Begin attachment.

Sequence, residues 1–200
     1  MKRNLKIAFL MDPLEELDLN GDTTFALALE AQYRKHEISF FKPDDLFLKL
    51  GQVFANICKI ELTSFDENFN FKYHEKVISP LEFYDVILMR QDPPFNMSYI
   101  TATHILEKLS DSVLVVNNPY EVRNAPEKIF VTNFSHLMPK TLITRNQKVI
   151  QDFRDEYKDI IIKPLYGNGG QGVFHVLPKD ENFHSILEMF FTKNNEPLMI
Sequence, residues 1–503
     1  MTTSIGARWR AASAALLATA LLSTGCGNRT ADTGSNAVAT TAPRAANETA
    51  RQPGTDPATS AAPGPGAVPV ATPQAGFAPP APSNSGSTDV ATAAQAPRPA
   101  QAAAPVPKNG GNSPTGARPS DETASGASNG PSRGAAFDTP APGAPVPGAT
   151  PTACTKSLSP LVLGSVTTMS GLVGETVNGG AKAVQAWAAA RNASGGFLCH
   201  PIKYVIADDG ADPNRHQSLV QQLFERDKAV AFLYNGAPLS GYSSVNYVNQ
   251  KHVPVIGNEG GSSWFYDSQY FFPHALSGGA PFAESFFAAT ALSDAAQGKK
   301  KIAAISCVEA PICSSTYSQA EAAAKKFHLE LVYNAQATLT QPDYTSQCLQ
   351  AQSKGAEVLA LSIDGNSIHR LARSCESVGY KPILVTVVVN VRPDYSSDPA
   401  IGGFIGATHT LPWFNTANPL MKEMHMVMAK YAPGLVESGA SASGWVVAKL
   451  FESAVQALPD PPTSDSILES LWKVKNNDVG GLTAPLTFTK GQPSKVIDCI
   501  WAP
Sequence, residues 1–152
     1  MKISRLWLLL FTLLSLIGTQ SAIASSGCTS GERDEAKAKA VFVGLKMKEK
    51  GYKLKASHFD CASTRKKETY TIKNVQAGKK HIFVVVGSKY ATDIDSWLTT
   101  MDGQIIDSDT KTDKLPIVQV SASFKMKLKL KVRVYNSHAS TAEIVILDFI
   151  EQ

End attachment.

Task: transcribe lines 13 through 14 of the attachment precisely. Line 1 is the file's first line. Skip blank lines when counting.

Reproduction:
   301  KIAAISCVEA PICSSTYSQA EAAAKKFHLE LVYNAQATLT QPDYTSQCLQ
   351  AQSKGAEVLA LSIDGNSIHR LARSCESVGY KPILVTVVVN VRPDYSSDPA